Marching inside ‘The Bubble’: Supporters of Black Lives Matter plan rally and protest at CNU

Newport News

NEWPORT NEWS, Va. (WAVY) — So, what’s this “bubble”?

It’s what some current and former students at Christopher Newport University say is the 260 acres in midtown Newport News, shared by 4,800 students.

Breaking that number down by race, Data USA counts CNU’s student population as 75.5 percent white, 7.03 percent Black or African American, and 5.16 percent Hispanic or Latino.

Outside of the bubble, the rest of the city of Newport News that’s much more diverse: 44 percent white, 39.8 percent Black, 5 percent Hispanic.

So, again, what’s this “bubble”?

Recent CNU graduate Margaret Hughes told WAVY News 10’s Don Roberts “When you’re in CNU, you’re pretty self-contained. People don’t — they go out to volunteer and maybe, do something — they don’t really engage with the community.”

“It’s kind of a joking matter, but at the same time it’s really not” said current CNU senior Blakely Lockhart. “We, as a (CNU) community, we do emphasize (community) service. But that engagement ends at that location, at that service location. It doesn’t come back to our campus, really. And I think there’s a big isolation that happens.”

That isolation could be a result of attitudes about race, and the surrounding community.

“I encounter people who have never met a black person before, before coming to campus,” Lockhart said. “That was a first. So, not only is that a learning experience for them, it’s a learning experience for me on dealing with people who have never spoken to people like me — whatever that means, ‘like me’ — or wanting to touch my hair or whatever it is.”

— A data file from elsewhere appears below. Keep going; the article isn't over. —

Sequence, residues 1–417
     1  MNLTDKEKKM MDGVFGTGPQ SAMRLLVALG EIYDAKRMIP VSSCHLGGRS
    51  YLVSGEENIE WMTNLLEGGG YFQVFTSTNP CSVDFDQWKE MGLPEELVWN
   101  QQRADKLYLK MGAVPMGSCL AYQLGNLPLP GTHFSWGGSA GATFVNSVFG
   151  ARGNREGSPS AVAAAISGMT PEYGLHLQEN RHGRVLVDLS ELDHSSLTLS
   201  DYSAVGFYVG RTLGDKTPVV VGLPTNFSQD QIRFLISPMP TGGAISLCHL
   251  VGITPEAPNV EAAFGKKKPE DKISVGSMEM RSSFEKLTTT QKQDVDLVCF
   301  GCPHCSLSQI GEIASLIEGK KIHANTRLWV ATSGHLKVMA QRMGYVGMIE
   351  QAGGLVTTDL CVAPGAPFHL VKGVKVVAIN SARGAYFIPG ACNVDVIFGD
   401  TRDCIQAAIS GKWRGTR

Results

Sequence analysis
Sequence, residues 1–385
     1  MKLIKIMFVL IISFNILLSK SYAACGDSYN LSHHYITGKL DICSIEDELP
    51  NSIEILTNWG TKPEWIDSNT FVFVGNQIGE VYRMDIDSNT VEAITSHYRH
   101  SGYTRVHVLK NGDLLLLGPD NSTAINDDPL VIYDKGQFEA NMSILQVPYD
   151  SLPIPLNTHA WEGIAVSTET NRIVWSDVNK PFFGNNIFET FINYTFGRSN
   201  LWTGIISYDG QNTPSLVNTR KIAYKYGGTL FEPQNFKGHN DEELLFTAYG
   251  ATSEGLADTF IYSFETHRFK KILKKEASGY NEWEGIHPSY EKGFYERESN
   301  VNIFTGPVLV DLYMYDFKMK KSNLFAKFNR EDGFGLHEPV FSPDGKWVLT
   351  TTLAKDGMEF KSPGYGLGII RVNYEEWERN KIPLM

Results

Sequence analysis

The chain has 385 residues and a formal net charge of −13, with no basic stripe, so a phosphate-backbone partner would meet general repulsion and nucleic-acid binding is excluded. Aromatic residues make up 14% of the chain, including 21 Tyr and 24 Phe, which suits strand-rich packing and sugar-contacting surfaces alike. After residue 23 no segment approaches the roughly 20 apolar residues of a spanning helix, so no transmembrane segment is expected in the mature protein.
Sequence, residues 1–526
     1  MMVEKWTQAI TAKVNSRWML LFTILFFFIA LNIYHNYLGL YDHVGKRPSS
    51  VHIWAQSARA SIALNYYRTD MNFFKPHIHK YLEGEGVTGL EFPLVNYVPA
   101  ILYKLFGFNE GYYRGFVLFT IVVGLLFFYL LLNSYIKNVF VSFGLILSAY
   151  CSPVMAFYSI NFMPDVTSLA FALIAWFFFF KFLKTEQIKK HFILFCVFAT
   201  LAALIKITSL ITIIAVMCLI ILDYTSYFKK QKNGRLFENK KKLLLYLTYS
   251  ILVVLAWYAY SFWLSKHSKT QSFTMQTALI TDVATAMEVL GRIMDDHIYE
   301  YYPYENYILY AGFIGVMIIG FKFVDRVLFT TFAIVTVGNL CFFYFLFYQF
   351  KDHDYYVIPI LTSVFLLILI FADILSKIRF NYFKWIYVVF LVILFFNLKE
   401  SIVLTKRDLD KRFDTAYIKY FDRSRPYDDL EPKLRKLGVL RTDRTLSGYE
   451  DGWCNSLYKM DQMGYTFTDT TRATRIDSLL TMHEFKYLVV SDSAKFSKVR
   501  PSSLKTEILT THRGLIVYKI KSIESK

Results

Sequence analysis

“It’s little things over time, kinda thing… I wouldn’t say it’s an outright act of racism that’s happened… The student body in particular … I don’t think it helps that the faculty is also majority white. We have very few faculty of color so that leaves us with not a lot of mentors either on our campus,” Lockhard said.

Lockhart continued: “I don’t know if you’ve heard this, but we ‘promote diversity of thought’ on campus. And I would like to not only see diversity of thought, but literally diversity of people. So, I think, um, trying to bring more of those events to campus as well as us going to different locations would really help people with that CNU ‘bubble.'”

One such event is the “Keeping the Momentum” rally and march happening this Saturday. Blakely says it’s a follow up to a demonstration held about two weekends ago.

“There was a good turnout… but I think we need to continue doing this and make it a little bit louder.”

Hughes hopes marchers are loud enough to generate some more movement.

“In addition to having this protest we want to kind of push people to get outside of the CNU bubble, because the CNU bubble is really comfortable… There’s not a whole lot of engaging with people who are different from you and we want people to get outside of that because that’s how people change and that’s how change happens,” Hughes said.

Lockhart and Hughes say this march on CNU’s campus Saturday is a unity and education event. They hope to get the attention of the administration to promote more diversity among faculty and students at CNU.

The “Keeping the Momentum” rally and march starts at 3 p.m. Saturday at CNU’s Trible plaza. Organizers say signs or any student can show you how to get there.

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